12 tips to teach gratitude to a preschooler

When your child’s favorite phrases are “that’s mine” and “I want that,” you’re probably wondering how to teach gratitude to a preschooler. It’s perfectly normal for your preschooler to show stubbornness, of course. But sometimes you might wonder if she thinks the entire world revolves around her!

So how can you teach gratitude to a preschooler? First, let’s consider how gratitude can actually help your child.

The importance of an attitude of gratitude

Recent studies have shown the power of an attitude of gratitude. Here are just a few:

  • Gratitude improves your physical health.

Robert A. Emmons, professor of psychology at UC Davis (@robertemmons42), conducted numerous studies on gratitude and how it affects people’s health. He found that having a grateful outlook can strengthen your immune system, help you sleep better, and even lower your blood pressure.

Other studies continue to show big health benefits of practicing thankfulness. One study at the University of California San Diego’s School of Medicine showed that people who are more grateful have healthier hearts. In the study, people with grateful hearts actually showed less inflammation and better heart rhythms. And, patients with congestive heart failure actually improved their heart health by keeping a daily gratitude journal.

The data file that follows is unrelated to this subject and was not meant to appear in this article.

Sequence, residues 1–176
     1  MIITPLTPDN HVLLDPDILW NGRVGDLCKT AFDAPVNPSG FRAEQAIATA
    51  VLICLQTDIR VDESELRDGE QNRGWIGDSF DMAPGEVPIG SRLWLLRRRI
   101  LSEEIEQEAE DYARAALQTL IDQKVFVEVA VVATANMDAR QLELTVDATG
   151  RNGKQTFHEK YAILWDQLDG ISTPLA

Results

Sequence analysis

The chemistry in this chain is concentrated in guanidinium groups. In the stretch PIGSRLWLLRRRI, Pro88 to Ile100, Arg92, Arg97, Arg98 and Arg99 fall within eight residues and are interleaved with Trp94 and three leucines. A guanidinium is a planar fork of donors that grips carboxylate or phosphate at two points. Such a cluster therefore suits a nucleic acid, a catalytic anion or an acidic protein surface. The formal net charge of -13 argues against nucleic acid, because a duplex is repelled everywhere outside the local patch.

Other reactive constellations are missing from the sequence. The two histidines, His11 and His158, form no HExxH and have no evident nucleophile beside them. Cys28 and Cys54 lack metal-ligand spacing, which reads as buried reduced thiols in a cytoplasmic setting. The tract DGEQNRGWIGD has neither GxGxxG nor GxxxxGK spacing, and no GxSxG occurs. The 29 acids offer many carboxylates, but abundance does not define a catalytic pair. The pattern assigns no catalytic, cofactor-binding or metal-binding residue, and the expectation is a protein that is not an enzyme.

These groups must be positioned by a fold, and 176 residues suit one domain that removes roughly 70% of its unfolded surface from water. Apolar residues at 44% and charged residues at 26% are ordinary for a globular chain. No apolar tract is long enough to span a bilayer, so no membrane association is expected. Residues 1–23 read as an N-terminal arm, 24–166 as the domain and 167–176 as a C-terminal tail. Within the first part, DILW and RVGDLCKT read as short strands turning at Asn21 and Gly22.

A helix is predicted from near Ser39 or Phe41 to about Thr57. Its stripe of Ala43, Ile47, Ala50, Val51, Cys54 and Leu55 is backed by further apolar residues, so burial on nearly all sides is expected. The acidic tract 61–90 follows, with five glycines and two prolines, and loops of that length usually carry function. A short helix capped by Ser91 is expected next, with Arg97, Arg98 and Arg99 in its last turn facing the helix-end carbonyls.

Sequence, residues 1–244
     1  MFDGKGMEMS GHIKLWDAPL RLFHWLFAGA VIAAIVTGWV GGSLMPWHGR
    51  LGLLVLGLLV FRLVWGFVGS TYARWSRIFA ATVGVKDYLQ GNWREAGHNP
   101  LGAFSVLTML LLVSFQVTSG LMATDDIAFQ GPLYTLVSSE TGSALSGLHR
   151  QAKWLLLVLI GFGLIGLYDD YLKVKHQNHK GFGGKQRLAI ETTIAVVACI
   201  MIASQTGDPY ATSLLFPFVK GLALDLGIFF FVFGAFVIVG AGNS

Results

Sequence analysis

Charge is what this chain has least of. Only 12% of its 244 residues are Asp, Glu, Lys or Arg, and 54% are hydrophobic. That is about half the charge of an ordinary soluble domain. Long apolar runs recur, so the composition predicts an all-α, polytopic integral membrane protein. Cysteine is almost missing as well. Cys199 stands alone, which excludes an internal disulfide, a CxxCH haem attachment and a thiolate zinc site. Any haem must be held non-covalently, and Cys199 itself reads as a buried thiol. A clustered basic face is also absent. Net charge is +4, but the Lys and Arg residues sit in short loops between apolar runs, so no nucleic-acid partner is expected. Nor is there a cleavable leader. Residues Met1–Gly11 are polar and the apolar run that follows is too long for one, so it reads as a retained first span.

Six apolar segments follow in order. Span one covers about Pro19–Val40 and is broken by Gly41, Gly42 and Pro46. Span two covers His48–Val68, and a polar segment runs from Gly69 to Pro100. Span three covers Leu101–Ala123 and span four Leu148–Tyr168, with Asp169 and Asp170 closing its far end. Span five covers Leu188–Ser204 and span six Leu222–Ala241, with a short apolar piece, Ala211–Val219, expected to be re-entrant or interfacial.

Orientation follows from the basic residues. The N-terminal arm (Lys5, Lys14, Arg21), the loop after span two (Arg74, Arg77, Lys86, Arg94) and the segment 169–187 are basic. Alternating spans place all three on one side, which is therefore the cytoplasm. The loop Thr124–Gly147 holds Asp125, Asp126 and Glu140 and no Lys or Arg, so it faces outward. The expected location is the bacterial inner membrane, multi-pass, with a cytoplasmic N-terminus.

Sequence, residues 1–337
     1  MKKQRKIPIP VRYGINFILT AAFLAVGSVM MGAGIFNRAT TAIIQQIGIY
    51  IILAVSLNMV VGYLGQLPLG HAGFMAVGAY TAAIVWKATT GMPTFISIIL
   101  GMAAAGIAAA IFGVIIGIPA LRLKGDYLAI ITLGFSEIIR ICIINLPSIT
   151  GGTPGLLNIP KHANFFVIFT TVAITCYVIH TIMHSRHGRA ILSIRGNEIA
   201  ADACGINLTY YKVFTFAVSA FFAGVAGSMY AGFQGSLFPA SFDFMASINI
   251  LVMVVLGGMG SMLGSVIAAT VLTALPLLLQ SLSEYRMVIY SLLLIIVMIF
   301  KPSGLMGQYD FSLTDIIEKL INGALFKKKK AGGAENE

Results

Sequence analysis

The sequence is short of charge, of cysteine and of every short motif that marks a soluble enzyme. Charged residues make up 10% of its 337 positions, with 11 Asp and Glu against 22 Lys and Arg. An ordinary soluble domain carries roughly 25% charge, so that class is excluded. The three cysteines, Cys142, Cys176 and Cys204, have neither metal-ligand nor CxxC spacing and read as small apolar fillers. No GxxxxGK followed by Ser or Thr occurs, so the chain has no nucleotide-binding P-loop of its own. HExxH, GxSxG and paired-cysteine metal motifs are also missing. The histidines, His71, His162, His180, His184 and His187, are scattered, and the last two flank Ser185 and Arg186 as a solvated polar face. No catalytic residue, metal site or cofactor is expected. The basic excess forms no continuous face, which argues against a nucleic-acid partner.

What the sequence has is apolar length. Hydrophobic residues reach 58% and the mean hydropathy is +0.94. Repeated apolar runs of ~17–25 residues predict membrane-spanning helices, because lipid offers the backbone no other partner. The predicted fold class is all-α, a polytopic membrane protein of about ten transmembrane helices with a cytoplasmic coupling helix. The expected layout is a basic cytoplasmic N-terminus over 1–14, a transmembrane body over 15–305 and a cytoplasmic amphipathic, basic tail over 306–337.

• Gratitude improves your mental health.

In several studies led by Emmons, people who practice gratitude feel more joyful and optimistic. In fact, the studies showed that practicing gratitude can increase your level of happiness by about 25 percent. Emmons explains that feelings of thankfulness and appreciation block other negative feelings such as envy, resentment, and regret. And, one study led by psychologist Alex Wood shows that practicing gratitude can actually reduce stress levels and help prevent depression.

  • Gratitude grows your EQ—your emotional IQ.

Early education experts agree that emotional intelligence is just as important as academic knowledge. This is why social-emotional skills, such as sharing, empathy, and kindness, are taught alongside other kindergarten readiness skills in the Dilly’s Tree House family engagement program. An attitude of thankfulness naturally incorporates these important social-emotional skills, according to the Yale Center for Emotional Intelligence (@YaleEmotion).

Gratitude also leads to less aggression, according to a 2011 study at the University of Kentucky. This is because of gratitude’s link with empathy. People who are able to empathize with others naturally show less aggression. For ideas on how to teach your child empathy, check out our post on empathy.

  • Gratitude helps build relationships.

People who practice gratitude are considered by others to be more helpful, trustworthy, and optimistic, according to the Yale Center for Emotional Intelligence. Gratitude also inspires people to perform acts of kindness and to “pass it on.” This outlook—and the positive behaviors associated with it—naturally builds and strengthens relationships.

Can my preschooler really learn to have an attitude of gratitude?

Absolutely! Consider this quote from tiny Piglet in the classic Winnie the Pooh stories by A. A. Milne:

“Piglet noticed that even though he had a Very Small Heart, it could hold a rather large amount of Gratitude.”